26

I'm currently in the process of trying to create a worksheet for my students with long division problems for them to practice. Unfortunately, the best I've been able to come up with so far in terms of displaying long division like how they write it is:

example

Which could work if need be, but I thought I'd see if anyone has tooled around with this and come up with something better. To create that, all I did was type:

$\overline{)12345}$

Any suggestions for ways of making that better (so it looks more like what'd you see when using \longdiv) would be awesome.

3
  • I'm not somewhere I can check, but if I remember correctly, kicking up the parenthesis by one size improves the appearance. a solution was published in tugboat years ago. Sep 2, 2013 at 0:07
  • 1
    To add to Barbara's comment: here is what I did: \newcommand[2]{\longdiv}{#1\ \overline{\smash{\Big)}\ #2}} and it closed the gap.
    – user28549
    Sep 2, 2014 at 21:24
  • Using \overlinegenerally does not produce pretty results with shorter characters. This applies to many of the answers given below. Jan 6, 2017 at 21:27

8 Answers 8

19

You can give a definition of a command inspired by the one used in longdiv.sty; something along these lines:

\documentclass{article}

\newcommand\Mydiv[2]{%
$\strut#1$\kern.25em\smash{\raise.3ex\hbox{$\big)$}}$\mkern-8mu
        \overline{\enspace\strut#2}$}

\begin{document}

\Mydiv{56}{3678}\quad\Mydiv{3}{37678}

\end{document}

enter image description here

3
  • @Gonzalo_Medina Thanks for the answer, how would I write numbers on top of the line? Dec 30, 2014 at 16:50
  • Never mind, like this: $$ \begin{array}{r} 0 \\ \Mydiv{8}{3} \end{array}$$ and remove all the $ from the command :) Dec 30, 2014 at 17:27
  • Nice looking long division symbol... now, please convince the owner of polynom package to fix it so long division doesn't negate all the products on each line. :D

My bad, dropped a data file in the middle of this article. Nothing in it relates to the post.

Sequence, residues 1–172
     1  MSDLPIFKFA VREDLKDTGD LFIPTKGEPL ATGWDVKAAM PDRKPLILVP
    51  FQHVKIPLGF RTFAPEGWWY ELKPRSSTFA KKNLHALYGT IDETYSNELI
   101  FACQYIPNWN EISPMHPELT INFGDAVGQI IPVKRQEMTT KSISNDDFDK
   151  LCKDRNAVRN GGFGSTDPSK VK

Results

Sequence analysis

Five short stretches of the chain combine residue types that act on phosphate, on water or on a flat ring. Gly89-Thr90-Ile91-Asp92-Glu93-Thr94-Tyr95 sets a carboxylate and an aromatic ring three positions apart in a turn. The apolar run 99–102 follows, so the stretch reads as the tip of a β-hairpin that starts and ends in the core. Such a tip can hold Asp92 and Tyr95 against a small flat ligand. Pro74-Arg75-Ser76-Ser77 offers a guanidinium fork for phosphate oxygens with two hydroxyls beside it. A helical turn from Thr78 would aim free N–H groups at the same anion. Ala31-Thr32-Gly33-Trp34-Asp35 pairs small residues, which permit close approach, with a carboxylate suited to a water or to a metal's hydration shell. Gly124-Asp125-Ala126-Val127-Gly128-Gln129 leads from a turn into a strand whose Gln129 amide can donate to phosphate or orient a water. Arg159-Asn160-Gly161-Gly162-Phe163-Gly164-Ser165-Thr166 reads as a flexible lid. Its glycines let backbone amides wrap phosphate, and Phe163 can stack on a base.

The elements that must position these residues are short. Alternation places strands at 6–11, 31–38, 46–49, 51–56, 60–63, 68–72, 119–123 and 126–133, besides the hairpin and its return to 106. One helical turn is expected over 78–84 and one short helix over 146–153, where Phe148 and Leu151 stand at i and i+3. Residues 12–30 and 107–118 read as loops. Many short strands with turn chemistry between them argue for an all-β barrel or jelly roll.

– Jeff
    Oct 25, 2015 at 5:55
26

\smash the right paren, so that it doesn't push up the \overline:``

\documentclass{article}
\newcommand\showdiv[1]{\overline{\smash{)}#1}}
\begin{document}
\(\showdiv{12345} \)
\end{document}

enter image description here

If you don't like the curvature of the right paren, you can squeeze it a bit (here, I squeezed it perhaps a bit too much, to 50% of its original width, just to demonstrate)

\documentclass{article}
\usepackage{scalerel}
\newcommand\showdiv[1]{\overline{\smash{\hstretch{.5}{)}}#1}}
\begin{document}
\(\showdiv{12345} \)
\end{document}

enter image description here

And if you are concerned that squeezing the glyph horizontally makes the stroke too thin, then just nearly overlay two of them:

\documentclass{article}
\usepackage{scalerel}
\newcommand\showdiv[1]{\overline{\smash{\hstretch{.5}{)}\mkern-3.2mu\hstretch{.5}{)}}#1}}
\begin{document}
\(\showdiv{12345} \)
\end{document}

enter image description here

And, to add the finishing touches:

\documentclass{article}
\usepackage{scalerel}
\usepackage{stackengine}
\usepackage{xcolor}
\newcommand\showdiv[1]{\overline{\smash{\hstretch{.5}{)}\mkern-3.2mu\hstretch{.5}{)}}#1}}
\let\ph\phantom
\begin{document}
\setstackgap{S}{1.5pt}
\stackMath\def\stackalignment{r}
\(
\stackunder{%
  5 \stackon[1pt]{\showdiv{12345}}{2469}%
}{%
  \Shortstack[l]{{\underline{10}} \ph{1}23 {\ph{1}\underline{20}} \ph{12}34 {\ph{12}\underline{30}} %
   \ph{123}45 {\ph{123}\underline{45}} \ph{1234}0}%
}
\)
\end{document}

enter image description here

23

I got really prefectionisty about this once upon a time, and created a tikz-based solution:

\documentclass[border=4pt]{standalone}
\usepackage{calc}
\usepackage{tikz}

\newcommand{\longdivision}[2]{
    \settowidth{\dividendlength}{#1}
    \settowidth{\divisorlength}{#2}
    \settoheight{\dividendheight}{#1}
    \settoheight{\maxheight}{#1#2}
    \settoheight{\divisorheight}{#2}

    \begin{tikzpicture} [baseline=.5pt]
        \node at (-.5*\divisorlength-1pt,.5*\divisorheight) {#2};
        \node at (.5*\dividendlength+5pt,.5*\dividendheight) {#1};